The purity of ambiguity and other lessons in life…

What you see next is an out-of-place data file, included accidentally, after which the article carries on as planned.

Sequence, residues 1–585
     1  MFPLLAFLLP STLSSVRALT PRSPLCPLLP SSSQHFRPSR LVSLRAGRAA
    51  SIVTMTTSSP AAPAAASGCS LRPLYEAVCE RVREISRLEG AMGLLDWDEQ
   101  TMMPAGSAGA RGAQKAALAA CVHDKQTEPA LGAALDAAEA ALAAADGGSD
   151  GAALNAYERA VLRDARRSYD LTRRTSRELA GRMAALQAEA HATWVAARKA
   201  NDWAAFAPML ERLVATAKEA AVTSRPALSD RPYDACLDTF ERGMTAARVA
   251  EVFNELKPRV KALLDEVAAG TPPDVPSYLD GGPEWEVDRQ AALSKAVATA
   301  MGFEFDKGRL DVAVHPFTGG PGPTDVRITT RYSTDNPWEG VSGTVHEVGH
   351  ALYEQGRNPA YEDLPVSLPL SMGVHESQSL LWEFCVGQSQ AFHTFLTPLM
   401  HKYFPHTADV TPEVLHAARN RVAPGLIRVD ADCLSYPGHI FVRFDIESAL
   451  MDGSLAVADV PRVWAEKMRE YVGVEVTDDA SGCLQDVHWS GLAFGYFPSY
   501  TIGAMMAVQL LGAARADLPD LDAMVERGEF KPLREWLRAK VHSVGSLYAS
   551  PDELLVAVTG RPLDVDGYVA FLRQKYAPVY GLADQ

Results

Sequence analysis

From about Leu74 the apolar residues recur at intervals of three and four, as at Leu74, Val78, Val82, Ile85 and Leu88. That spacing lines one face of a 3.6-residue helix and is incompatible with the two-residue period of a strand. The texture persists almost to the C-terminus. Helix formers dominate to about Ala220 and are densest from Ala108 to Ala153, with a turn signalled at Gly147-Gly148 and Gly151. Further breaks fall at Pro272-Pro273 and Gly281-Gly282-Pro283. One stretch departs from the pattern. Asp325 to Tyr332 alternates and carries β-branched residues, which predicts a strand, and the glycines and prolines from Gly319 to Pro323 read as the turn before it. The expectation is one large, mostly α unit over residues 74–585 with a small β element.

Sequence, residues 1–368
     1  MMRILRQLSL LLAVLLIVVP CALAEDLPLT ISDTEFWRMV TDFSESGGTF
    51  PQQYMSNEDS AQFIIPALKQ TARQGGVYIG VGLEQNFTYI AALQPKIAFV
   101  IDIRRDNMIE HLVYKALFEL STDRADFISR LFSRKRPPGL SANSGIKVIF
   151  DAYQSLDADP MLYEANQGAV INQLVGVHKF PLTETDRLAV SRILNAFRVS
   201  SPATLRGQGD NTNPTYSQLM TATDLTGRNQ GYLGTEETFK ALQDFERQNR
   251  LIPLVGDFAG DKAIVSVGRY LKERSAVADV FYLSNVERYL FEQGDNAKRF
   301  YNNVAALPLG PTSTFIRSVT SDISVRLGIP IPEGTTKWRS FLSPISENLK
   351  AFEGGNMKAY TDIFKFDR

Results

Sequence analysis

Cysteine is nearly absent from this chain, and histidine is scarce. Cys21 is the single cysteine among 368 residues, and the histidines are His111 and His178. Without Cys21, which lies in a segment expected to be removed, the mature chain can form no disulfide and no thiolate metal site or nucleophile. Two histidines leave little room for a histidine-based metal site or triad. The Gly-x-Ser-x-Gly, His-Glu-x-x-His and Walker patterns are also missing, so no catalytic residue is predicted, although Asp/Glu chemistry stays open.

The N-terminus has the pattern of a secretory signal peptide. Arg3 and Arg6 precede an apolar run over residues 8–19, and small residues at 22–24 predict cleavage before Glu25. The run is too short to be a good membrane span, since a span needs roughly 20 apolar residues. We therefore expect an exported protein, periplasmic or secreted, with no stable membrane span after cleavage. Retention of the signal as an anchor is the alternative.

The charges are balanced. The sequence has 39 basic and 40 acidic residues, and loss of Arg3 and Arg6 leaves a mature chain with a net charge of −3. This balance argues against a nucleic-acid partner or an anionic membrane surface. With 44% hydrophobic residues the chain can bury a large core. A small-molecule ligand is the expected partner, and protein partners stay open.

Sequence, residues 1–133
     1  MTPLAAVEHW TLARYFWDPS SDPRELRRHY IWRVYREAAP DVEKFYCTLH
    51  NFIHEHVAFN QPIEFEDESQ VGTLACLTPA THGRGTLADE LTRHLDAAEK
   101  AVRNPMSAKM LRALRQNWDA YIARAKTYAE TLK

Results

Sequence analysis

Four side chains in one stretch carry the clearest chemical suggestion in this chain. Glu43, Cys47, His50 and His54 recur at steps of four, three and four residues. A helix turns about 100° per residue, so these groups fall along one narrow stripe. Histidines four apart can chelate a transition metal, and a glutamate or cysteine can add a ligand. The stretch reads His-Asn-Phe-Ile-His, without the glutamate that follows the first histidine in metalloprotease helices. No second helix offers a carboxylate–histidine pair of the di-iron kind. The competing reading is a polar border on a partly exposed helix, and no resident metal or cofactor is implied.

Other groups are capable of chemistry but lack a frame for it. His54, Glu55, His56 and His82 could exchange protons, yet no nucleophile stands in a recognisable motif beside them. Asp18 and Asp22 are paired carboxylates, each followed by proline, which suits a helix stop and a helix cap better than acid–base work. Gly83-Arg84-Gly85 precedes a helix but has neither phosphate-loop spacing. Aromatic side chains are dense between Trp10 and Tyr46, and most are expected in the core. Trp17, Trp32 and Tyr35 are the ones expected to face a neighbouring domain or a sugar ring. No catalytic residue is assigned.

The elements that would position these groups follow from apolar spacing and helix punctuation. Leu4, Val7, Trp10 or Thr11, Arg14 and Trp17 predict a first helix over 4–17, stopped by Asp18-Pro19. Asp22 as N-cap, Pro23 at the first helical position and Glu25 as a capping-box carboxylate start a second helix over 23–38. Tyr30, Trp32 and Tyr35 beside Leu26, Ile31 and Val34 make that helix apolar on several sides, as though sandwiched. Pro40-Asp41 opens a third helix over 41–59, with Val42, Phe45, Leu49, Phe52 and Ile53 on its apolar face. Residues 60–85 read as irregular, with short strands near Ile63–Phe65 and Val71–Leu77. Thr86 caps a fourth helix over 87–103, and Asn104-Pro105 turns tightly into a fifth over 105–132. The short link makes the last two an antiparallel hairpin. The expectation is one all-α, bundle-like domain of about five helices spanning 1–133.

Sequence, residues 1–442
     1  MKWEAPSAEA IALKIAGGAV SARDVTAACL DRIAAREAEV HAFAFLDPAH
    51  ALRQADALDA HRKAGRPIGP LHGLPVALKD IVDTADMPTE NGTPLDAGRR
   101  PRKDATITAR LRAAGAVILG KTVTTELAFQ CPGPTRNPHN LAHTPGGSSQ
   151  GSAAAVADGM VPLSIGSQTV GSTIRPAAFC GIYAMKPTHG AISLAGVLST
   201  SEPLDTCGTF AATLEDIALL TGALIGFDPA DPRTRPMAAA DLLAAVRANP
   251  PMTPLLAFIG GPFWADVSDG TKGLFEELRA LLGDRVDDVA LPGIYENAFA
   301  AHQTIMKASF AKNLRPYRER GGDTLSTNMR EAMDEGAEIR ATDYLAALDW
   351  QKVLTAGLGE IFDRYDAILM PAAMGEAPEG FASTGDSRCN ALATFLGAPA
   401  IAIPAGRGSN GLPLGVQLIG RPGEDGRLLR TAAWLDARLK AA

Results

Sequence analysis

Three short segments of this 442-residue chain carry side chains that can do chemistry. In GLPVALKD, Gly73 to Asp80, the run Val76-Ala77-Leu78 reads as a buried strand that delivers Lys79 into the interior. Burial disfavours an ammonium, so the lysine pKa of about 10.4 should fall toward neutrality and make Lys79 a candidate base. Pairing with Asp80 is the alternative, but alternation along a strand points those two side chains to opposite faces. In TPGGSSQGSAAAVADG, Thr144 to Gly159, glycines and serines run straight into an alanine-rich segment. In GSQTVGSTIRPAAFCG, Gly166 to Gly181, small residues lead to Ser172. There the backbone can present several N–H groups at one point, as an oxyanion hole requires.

It’s been a while since I’ve posted. The reason for this is twofold. Firstly, events are unfurling much more slowly that the frenetic pace that marked time through my brain surgery and subsequent Radiotherapy. Because things are moving slower, there is simply less of interest to comment on. I could doggedly post updates on the treatment cycle. Beyond describing the process of taking tablets and their effects on me, I felt that updates would seem a little dull. Secondly though, the treatment itself has created a new schedule to my life. It has essentially halved the amount of time I have available to do anything. It’s been harder to sit down and write a blog entry due to this. In each 28 day cycle of Chemo, I take tablets for 5 days and then rest for 23 days. Then I start again. The 23 days is meant to give you some time to try and recover enough from the toxicity of the tablets to hopefully be strong enough to take the next set. The first couple of cycles were pretty grim. For the first one I tried to combine the anti-depressants I’d been recommended as trying as an additional anti-cancer agent and the combination absolutely floored me. I caught a chest infection and ended up in hospital and was in a state for a few weeks. I just about recovered again for the 2nd cycle. For the second cycle I was moved up to the full dose for the rest of the treatment and once again I caught an infection and ended up in hospital. The infection was actually a minor inconvenience (my immune system so far has withstood the treatment pretty well), but psychologically I really had a massive crash. My therapist described it as a ‘proper crisis’ and I think she was right. The Chemo makes you feel so rough, so devoid of energy and so sick that you can’t do much about from lay in bed. Whilst feeling so ill, it’s very hard not to focus inward and consider what is happening to you. Every strange sensation, every wave of nausea, it becomes a potential signal that the cancer is returning and that death may be on its way. The fatigue from the Chemo also triggers emergence of some pre-surgery symptoms (particularly speech problems) and this just adds to the paranoia that you’re health is declining. When I started feeling better after the 2nd cycle and began to come out of the hole of despair I had dug myself into, my wife and my counsellor helped me to pick apart the experience of the first two cycles. I needed to understand them better and put together a coping strategy to hopefully help during the remaining cycle. The conclusions where pretty obvious; the Chemo makes you feel really rubbish. It lasts about 1.5 - 2 weeks and then you’ll feel better. For 2 weeks you’ll feel pretty good and then the cycle starts again. When you’re feeling bad, it’s the Chemo rather than (necessarily) the cancer. All you can do is work through it. Armed with this new acceptance of the cycle, I managed my way through cycles 3 and 4 much better. I guess I mean that I ‘coped’ much better. I didn’t end up in hospital for either cycle. Mentally I stayed positive and allowed myself the time and space to be ‘ill’ through the Chemo. Afterward, I would re-emerge and enjoy the time I had whilst feeling reasonably OK. As well as the practicalities of coping through a Chemo cycle, part of getting into a good headspace to work with it has been a deeper understanding of the treatment itself and subsequently a corresponding lesson in life which has felt important. I’d like to try and share that perspective. The lesson started as this; it is entirely one thing to know something intellectually, it is entirely something different to understand that same thing through experience. I will try and explain. The illness that I have is described by the doctors that treat me as being ‘incurable’. They will not call it ‘terminal’, or at least not yet. That is because they don’t know when it will kill you, (although the assumption is that it will do). It’s the ‘incurable’ part that is important at this stage in my treatment though. Incurable means that the treatment you are being given is in no way intended or expected to in any way resolve or remove the disease. Its sole purpose instead is that it is intended to try and stem the cancer for as long as possible. To try to keep you alive rather than dead. Of course, before you start the treatment this is all (more or less) explained to you intellectually. As much as any person can take on this sort of information, I think I did so. It wasn’t until I started going through the treatment that I actually understood what that meant for me. It was a difficult and profound realisation to have. The Chemo works by giving you a very strong poison which has been designed to target cancer cells over normal cells. But it’s not exclusive unfortunately. Poison is still poison. The Chemo (hopefully - more on that in a minute) targets the cancer but causes collateral damage as well, so every cycle you take doesn’t just (again, hopefully) kill cancer, it also hurts you as well. Each cycle takes a toll (which you don’t fully recover from) and therefore each subsequent cycle takes a little bit more. Most crudely, you’re poisoning yourself enough to try and kill the cancer but hopefully not enough to kill yourself. Unfortunately the cancer itself is not so simple to kill through. One factor of success for the Chemo is your ability to continuing taking it. This is something finite, as ultimately there is only so much poison you can take. Another factor is how long the cancer will be effected by the drug. GBM is different from person to person, but in relation to Chemo it can be divided into two rough groups. Those types that will respond to Chemo and those types that will not. It’s about a 50/50 split on that for people with the disease. If you’re in the ‘cancer susceptible to Chemo’ group then theoretically the Chemo option may keep you alive for longer. If you’re in the ‘cancer not susceptible to Chemo’ group then the outlook is grim. Grimmer I should say. Unfortunately, even if your GBM is in the ‘susceptible to Chemo’ group, it does not stay as so. The cancer itself adapts and ultimately will not respond to the drugs. So - even if you were impervious to the Chemo and could take it indefinitely (no one is BTW), it wouldn’t do you any additional good ultimately. The current thinking is that there is no clinical benefit in taking the Chemo for longer than six months and if you’re still alive and disease progression free at the end of that then the treatment stops and you’re in the lap of the gods. Just as an extra tease, they don’t routinely test to see if you’re in the ‘susceptible to Chemo’ group or not, so you don’t know this information before the start the treatment. You could well be enduring it for no benefit at all. For me, as I worked through the first 4 of the 6 cycles I am to undertake, the slow process of fully understanding all this reality was bought about. Not through intellectual dissection of the information shared by the doctors, or by researching it on the internet. Instead, the logistics, the physical and emotional sensations, the low and the high of each cycle actually etched in me a deep ‘actual life’ understanding which was realised through experience. I’m not going to lie, it’s been a tough lesson to take on board and it is not without its sadness. Obviously I don’t want to die. I don’t take to have to take poison just to try and stay alive. I wish that I wasn’t losing 2 out of every 4 weeks. I wish a lot of things and don’t want a lot of things. But underneath all that though, there is a purer lesson / truth that has revealed itself to me about myself and my life. Pre brain cancer, I think that on some levels I had created an internal environment that saw the world as being based on absolutes. I was comfortable with (and chose to perceive the world as) the idea that life contains challenges that ultimately can be ‘solved’. Some were hard, some were easy. My previous reality was that the only real questions for every challenge was the time required and my desire to engage with it. But life is most certainly not like that in the end. There are challenges in life that cannot be ‘solved’ or have an absolute definition of ‘success’. There are things in life we can’t control. There are things we can attempt to mitigate and things beyond our means to affect. Acceptance of the ‘grey areas’ is the key to - well.. ‘acceptance’ I guess! When I got through my third Chemo cycle ‘successfully’ (in my mind), my son became very upset. He is going through a development stage in his life where he is beginning to understand the concept of ‘future states’ rather than just living in the moment as young children do. This emerging capability led to increasingly harder questions. He started to conceive of the idea that his Dad might die, and that might be soon. Talking to him, more significantly listening to him talk to my wife, was one of the most painful and difficult things I’ve ever been through. Hearing him explain to my wife his fears, knowing that those fears were valid, that they concerned me and that my illness was the source of the pain was a terrible thing to bear. So many different conflicting emotions. Additionally, my coping mechanism for getting through Chemo (and the rest of my life actually) was very much based on the idea of taking each day as it comes and not allowing myself to try and draw conclusions on the future. Suddenly my son was exploring these concepts and requiring me to go on that journey with him. On some level our needs at that time were in conflict. Of course as his father, I see my needs as immaterial to his, but how can you comfort your son about the very real possibility of your own death? Pretty complicated conflict of interest! But we worked through it. My wife acted as a sounding board for my son so he could ask the questions he could not ask in front of me. I backed her up and spoke to him also. The school providing (amazing actually) support and the charity ‘Daisy’s Dream’ set-up session as back-up. So, (of those of you not yet asleep! I’m sorry, this is a very long post), the final realisation I had was that even for those situations at exist that have no solution, there is something that you can perceive as ‘success’. That same ‘success’ that I expected at the end of all the obstacles I tackled before I had cancer. Success means ‘getting through it’, and sometimes that is as good as it’s ever going to get. And it’s OK to celebrate ‘getting through it’. This Christmas I feel like me, my family and my friends, well - we are very righteously entitled to a very large celebration for a large amount of ‘getting through it’! Getting through it feels pretty good today. To anyone still reading - a very Merry Christmas to you. Go here to the start of the journey. Go here to view previous blog entry. Go here to view next blog entry.